Cockrell uses foreshadowing when Charlie, the boy who likes to hang around George's shop, comments that when he becomes the taxidermist's apprentice, he'll put "a surprise in every job." By placing Waldren's body inside Napoleon, George follows the boy's advice! In the same scene, Charlie sees Waldren walk by the shop and asks George if all his brother-in-law ever does is "sit in the park." In a sense, George will ensure that that is all Waldren will ever do. Later, after Louise collapses, the doctor tells George he'll have to "get rid of" Waldren, advice that George proceeds to take. Cockrell has all of the messy details of Waldren's murder occur off screen and they are never referred to. We see George reach for the hammer and then there is a dissolve to the horse being loaded on the truck. George must have bashed Waldren's skull in with the heavy tool, then cleaned up the blood. Presumably, he used the formaldehyde to preserve Waldren's body so that it would not smell and attract attention once the horse was placed in the park. Cockrell's work here is wonderfully subtle and delightfully horrible.

In the final scene, the dialogue is perfect, as the characters say one thing and we know that George means another. Louise says that Waldren is "better off though where he is"; she thinks he's in Mexico but George knows he's in the horse. The mayor's comment about the reaction in 100 years is also more accurate than he knows--surely the town will make the news when a corpse is found inside the nag instead of a time capsule! After all, while time capsules were often full of junk that did not really depict how people lived, the body of overweight, lazy Waldren may provide a far more accurate depiction of life in small-town America in 1957.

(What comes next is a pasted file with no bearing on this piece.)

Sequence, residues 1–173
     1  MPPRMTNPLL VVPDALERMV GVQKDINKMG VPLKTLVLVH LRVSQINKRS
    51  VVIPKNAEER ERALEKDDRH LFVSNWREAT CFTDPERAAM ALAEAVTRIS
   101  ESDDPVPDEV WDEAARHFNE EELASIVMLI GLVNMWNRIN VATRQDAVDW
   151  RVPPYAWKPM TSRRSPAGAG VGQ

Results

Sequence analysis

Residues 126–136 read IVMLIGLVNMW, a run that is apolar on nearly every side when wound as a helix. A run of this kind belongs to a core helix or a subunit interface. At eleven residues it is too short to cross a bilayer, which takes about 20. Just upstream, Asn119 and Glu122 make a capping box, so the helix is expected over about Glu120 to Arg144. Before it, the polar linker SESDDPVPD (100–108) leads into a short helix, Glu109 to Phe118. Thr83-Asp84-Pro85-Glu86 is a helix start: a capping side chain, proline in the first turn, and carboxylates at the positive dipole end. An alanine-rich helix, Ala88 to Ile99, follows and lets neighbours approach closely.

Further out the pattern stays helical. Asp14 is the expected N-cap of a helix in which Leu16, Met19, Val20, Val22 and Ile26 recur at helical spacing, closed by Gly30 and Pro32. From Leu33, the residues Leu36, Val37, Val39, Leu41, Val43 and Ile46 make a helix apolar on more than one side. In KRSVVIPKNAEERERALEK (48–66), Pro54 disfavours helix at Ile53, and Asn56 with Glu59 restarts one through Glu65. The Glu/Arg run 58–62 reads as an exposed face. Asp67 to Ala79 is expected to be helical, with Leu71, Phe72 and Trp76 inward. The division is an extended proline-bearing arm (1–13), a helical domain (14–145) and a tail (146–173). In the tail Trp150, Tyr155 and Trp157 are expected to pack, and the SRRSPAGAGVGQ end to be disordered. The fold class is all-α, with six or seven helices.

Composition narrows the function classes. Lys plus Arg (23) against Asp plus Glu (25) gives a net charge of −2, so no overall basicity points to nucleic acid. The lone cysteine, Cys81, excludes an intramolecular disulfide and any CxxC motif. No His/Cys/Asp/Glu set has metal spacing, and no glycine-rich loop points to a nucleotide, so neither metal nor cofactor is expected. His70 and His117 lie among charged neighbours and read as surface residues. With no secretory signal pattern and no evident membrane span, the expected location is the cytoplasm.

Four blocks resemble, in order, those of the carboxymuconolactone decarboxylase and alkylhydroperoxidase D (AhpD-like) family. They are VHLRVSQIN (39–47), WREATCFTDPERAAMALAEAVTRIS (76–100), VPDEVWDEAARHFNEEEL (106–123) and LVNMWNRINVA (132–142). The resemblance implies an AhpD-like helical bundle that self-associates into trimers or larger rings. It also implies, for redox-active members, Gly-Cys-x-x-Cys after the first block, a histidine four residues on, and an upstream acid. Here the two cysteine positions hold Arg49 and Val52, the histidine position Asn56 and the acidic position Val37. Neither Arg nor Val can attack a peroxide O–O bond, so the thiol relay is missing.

A strong script needs good actors to bring it to life on screen, and "The West Warlock Times Capsule" features three fine performers in the lead roles. Henry Jones (1912-1999) is perfect as George, his laconic drawl exhibiting just the right amount of frustration with his wife's no-good brother. Jones won a Tony Award for his 1958 role in "Sunrise at Campobello" and was a fixture in character roles in film and on TV from 1943 to 1995. He was on countless shows, including The Twilight Zone, Thriller, Night Gallery, and The Night Stalker, and he appeared on the Hitchcock show six times, including "De Mortuis." He was also in Hitchcock's classic, Vertigo (1958).